Skip to main content
COVID-19
Information for the community – Updated guidelines from 27 July 2021
Acknowledgement
The Women's and Children's Hospital is located on the traditional lands for the Kaurna people, and we respect their spiritual relationship with their Country. We also acknowledge that the Kaurna people are the custodians of the Adelaide region, and that their cultural and heritage beliefs are still as important to the living Kaurna people today.

Aboriginal and Torres Strait Islander people should be aware that this website may contain images, voices and names of people who have passed away.

Adolescent Transition – for Professionals

For adolescents who have a chronic condition or disability, transition is more complicated and the role of a key transition coordinator is particularly important to ensure the transition process is successful.

Adolescent transition is "a purposeful, planned process that addresses the medical, psychosocial and educational/vocational needs of adolescents and young adults with chronic physical and medical conditions as they move from child centred to adult-oriented health care systems" (Society of Adolescent Medicine 2003).

At the Women's and Children's Hospital we aim for the transition from paediatrics, through adolescence, and into adult care, to be adequately planned and implemented to ensure continuity of care.

Aims of adolescent transition
  1. Provide high quality, coordinated, uninterrupted health care that is patient-centred, age and developmentally appropriate and culturally competent, flexible, responsive and comprehensive with respect to all persons involved.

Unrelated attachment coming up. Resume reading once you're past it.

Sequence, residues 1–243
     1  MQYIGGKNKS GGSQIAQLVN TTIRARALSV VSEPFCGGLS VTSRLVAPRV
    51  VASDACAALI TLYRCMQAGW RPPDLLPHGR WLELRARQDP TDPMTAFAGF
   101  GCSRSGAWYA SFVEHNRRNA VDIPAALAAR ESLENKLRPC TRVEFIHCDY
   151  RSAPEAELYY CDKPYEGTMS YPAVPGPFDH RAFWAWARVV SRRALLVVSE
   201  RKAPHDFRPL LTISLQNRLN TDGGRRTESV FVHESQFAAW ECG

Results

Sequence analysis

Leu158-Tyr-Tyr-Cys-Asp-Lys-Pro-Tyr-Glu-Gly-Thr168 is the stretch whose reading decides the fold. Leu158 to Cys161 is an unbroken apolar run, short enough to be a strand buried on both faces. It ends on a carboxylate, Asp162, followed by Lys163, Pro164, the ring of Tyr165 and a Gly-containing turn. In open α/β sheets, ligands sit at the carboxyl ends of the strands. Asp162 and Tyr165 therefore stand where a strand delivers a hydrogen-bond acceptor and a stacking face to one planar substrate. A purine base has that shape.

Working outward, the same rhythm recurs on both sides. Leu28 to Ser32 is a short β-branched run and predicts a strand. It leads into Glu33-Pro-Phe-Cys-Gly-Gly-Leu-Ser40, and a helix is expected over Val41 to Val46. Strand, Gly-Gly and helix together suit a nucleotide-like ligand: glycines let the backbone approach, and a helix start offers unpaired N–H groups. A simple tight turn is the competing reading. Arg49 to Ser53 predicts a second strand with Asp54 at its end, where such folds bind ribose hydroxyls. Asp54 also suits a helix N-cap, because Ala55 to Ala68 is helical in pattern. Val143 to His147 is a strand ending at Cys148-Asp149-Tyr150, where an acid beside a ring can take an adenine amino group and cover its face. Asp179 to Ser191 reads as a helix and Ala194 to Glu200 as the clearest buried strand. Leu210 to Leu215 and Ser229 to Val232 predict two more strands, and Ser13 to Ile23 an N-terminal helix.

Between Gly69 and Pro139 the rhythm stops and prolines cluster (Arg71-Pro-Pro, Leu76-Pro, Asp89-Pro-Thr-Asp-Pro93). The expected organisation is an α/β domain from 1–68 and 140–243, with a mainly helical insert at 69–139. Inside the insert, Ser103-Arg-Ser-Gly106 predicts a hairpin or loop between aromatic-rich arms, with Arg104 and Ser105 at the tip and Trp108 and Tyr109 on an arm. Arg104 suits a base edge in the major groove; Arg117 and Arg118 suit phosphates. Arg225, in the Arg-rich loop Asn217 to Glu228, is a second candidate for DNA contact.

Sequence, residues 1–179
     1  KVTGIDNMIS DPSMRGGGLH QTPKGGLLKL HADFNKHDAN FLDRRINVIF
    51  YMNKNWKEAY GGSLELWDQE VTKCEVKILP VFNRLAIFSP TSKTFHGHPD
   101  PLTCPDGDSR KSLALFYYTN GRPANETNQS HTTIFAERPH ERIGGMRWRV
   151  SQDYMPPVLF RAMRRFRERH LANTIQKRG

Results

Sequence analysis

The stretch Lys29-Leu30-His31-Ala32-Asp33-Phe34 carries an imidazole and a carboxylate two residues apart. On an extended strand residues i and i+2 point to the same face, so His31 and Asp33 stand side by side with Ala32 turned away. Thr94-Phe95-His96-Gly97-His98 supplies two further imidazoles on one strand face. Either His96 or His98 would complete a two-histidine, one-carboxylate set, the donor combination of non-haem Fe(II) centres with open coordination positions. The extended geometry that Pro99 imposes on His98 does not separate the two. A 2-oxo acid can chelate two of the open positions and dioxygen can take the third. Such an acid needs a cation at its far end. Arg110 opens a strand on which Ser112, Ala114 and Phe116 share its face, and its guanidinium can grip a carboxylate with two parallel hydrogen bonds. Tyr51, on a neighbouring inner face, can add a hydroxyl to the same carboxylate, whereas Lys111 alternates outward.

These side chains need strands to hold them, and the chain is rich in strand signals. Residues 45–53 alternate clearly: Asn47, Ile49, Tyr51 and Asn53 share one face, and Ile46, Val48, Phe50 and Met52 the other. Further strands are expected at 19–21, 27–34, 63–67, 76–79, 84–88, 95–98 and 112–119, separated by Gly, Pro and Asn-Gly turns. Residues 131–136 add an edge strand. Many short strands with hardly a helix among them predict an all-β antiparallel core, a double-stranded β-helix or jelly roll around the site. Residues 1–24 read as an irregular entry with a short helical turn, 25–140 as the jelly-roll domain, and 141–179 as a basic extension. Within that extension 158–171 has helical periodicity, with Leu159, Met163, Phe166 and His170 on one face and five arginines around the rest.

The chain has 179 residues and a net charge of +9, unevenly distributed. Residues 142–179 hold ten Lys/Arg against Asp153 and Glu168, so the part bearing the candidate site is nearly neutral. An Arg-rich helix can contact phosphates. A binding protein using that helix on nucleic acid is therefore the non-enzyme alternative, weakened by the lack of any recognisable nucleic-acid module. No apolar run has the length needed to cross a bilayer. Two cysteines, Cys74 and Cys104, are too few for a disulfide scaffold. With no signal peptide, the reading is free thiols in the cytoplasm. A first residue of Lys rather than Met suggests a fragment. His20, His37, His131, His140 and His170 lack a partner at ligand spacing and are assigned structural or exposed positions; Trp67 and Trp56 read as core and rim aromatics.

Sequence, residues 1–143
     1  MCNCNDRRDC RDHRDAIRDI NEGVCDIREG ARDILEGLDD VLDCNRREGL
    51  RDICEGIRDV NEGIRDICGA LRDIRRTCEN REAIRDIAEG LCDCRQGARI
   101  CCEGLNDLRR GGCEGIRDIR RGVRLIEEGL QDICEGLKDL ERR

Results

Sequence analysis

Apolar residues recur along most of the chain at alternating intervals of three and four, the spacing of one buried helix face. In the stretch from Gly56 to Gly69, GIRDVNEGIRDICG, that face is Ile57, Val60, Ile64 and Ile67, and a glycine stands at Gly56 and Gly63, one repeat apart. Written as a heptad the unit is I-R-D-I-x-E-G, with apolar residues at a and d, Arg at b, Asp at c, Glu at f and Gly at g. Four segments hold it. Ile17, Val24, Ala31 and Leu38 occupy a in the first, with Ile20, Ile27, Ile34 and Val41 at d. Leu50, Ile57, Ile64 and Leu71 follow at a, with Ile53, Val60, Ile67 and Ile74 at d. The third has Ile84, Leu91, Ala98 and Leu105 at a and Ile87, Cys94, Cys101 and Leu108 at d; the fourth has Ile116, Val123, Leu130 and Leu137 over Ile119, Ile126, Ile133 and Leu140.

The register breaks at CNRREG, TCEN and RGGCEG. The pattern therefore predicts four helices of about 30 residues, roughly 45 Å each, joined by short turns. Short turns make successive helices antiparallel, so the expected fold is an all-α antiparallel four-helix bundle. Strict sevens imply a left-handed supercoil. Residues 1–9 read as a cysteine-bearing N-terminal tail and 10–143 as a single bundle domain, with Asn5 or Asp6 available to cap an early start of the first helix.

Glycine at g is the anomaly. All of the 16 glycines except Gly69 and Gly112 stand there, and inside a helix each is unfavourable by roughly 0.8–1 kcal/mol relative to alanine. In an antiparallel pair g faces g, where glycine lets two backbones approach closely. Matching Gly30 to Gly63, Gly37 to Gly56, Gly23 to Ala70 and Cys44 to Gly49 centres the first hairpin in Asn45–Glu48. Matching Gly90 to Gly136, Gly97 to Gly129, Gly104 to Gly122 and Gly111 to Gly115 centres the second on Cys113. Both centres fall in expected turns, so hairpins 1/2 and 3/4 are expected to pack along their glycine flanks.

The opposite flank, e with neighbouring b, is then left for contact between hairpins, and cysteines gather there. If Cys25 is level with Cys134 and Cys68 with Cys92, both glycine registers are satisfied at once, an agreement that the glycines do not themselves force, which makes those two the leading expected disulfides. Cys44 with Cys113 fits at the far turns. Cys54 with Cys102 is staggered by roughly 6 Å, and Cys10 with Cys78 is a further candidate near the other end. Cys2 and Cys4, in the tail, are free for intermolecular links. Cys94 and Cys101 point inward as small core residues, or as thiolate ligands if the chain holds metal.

2. Promote skills in communication, decision-making, assertiveness and self-care, self-determination and self-advocacy.
  3. Enhance the adolescent's sense of control and independence.
  4. Provide support and guidance for the parent/carer of the adolescent.
  5. To maximise lifelong functioning and potential.

(McDonagh, 2003, 2005)

Key principals for effective transition
  1. A clear transition process, underpinned by formal guidelines and policies
  2. Early preparation for the adolescent and family – transition is a process, not an event
  3. Identification of a transition coordinator
  4. Good communication – openness, transparency and collaboration underpins good communication
  5. Individual transition plan which focuses on patient centred care
  6. Empowering, encouraging and enabling the adolescent to be self-managing
  7. Follow up and evaluation

(NSW Agency for Clinical Innovation, 2015)

The role of the Transition Coordinator

Every adolescent with two or more teams involved in their care, should have a transition coordinator identified and allocated to them. For adolescents who have a chronic condition or disability, the transition is more complicated and the role of a key transition coordinator is particularly important to ensure the transition process is successful.